How to Cut in When Painting a Wall

By Dale Devries ; Updated September 15, 2017

Things Needed

  • Latex paint
  • Angled synthetic bristle paint brush
  • Sponge brush with guide
  • Small paint tray
  • Painter's tape
  • Step stool
  • Drop cloth
Cut in When Painting a Wall

Cutting in is a painting term that means painting around the edges. The purpose behind this is the roller cannot get into corners or to the top or bottom of the walls. If you even get too close with a roller you will end up bumping it on the ceiling, floor or window trim. Then you some clean up, or worse, you have to paint over it on the ceiling. This is an important part of the painting process and isn't difficult but can take some time to complete.

Put down a drop cloth and use painter's tape to mask off window trim, door trim and baseboard. You also need to mask off any built-in bookshelves, entertainment centers or fireplaces.

Cut in along the ceiling first. This takes a steady hand with an angled paintbrush. You need to go along the line between the ceiling and wall and keep the paintbrush straight. You should paint down about 2 inches. If you don't have a steady hand, use a sponge painter with a guide. It has wheels that run along the ceiling and keeps the paint away from the ceiling in a nice straight line. Do a section at a time and fill in the walls with a roller. Paint the walls while the edges are still wet or you will end up with a distinct line separating the two.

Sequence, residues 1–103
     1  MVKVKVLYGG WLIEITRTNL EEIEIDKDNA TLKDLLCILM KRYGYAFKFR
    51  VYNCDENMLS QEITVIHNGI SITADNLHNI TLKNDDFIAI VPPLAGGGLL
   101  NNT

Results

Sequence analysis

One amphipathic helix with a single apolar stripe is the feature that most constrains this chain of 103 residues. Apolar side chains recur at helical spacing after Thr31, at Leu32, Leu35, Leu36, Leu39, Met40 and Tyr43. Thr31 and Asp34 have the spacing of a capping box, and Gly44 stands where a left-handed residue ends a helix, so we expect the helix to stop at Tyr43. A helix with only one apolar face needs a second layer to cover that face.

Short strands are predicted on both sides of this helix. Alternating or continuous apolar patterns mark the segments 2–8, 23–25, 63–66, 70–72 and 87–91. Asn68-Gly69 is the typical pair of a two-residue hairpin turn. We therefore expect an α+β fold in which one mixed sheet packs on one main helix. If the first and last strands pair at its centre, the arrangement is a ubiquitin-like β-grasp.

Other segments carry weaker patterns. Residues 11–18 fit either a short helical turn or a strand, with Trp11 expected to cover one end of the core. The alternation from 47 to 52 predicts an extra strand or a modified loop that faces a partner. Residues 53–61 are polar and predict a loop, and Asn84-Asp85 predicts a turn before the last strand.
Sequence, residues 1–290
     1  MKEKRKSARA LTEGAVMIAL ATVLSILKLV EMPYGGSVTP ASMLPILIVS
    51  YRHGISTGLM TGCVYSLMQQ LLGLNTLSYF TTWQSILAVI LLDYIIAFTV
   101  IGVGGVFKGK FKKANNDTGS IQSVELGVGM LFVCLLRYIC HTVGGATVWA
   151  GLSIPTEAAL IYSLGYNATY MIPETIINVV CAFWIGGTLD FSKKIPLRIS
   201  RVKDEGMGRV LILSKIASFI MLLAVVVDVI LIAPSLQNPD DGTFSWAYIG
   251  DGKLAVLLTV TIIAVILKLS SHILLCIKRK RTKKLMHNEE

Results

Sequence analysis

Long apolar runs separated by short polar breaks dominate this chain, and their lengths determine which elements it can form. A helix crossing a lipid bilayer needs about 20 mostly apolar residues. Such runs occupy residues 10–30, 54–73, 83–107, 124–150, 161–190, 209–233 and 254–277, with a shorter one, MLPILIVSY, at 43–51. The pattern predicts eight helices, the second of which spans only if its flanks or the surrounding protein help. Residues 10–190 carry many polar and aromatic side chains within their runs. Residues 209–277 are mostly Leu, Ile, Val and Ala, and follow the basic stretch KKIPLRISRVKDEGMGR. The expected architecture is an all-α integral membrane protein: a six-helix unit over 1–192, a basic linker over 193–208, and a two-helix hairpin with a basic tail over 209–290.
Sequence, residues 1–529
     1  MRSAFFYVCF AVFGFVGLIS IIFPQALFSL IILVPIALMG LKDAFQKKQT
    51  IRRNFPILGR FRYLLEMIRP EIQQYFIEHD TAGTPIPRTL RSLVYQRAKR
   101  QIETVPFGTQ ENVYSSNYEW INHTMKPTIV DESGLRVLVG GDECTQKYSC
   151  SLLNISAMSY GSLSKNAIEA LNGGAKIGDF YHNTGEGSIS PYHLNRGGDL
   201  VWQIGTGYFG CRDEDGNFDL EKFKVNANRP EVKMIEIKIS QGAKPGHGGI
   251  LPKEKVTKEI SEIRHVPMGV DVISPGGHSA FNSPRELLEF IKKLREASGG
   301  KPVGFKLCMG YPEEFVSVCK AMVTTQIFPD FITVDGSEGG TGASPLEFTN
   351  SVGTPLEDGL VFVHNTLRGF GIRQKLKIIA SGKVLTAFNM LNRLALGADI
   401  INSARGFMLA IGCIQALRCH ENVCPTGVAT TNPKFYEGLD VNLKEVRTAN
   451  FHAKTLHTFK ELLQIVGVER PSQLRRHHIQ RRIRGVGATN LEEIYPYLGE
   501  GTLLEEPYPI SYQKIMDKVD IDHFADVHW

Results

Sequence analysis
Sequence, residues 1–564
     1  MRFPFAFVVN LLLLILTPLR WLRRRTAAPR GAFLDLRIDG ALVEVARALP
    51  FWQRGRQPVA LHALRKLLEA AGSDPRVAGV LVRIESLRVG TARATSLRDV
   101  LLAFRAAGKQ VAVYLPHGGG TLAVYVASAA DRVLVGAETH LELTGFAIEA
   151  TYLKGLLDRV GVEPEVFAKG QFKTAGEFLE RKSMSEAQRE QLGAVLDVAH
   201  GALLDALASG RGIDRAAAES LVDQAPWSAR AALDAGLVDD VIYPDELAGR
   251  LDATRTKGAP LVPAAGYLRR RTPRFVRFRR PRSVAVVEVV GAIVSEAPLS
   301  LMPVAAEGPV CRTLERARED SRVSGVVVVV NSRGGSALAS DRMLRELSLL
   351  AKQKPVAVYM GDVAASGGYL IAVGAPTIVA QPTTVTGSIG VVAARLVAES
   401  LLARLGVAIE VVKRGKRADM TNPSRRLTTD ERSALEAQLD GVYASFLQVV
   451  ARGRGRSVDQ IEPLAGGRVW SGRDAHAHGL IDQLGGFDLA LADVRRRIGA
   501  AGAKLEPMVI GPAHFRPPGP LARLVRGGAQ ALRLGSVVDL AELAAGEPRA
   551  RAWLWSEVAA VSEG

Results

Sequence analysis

Paint in the corners of the room. Go down the center of the corner and at least 2 inches out. You do not have to be very careful here so an angled paintbrush should work fine. Again, either work in sections or have one person cutting in while the other is rolling the wall so you are always working with wet paint.

Paint around windows and doors at least 2 inches out. The tape should keep the paint from getting onto the trim, but try not to paint it anyway. One little gap and you can have paint that will need to be removed later.

Paint along the baseboard at least 2 inches up the wall. Again the tape should keep you from painting the baseboard but you still need to take care.

Apply a second coat of paint. By the time you finish above the baseboard the ceiling will be dry and you can start over. If you don't think it needs a second coat then wash out the brush in water and finish painting the walls.

Tip

Leave the tape on until you are finished painting the room. If you slip with the roller, the tape protects the masked surfaces.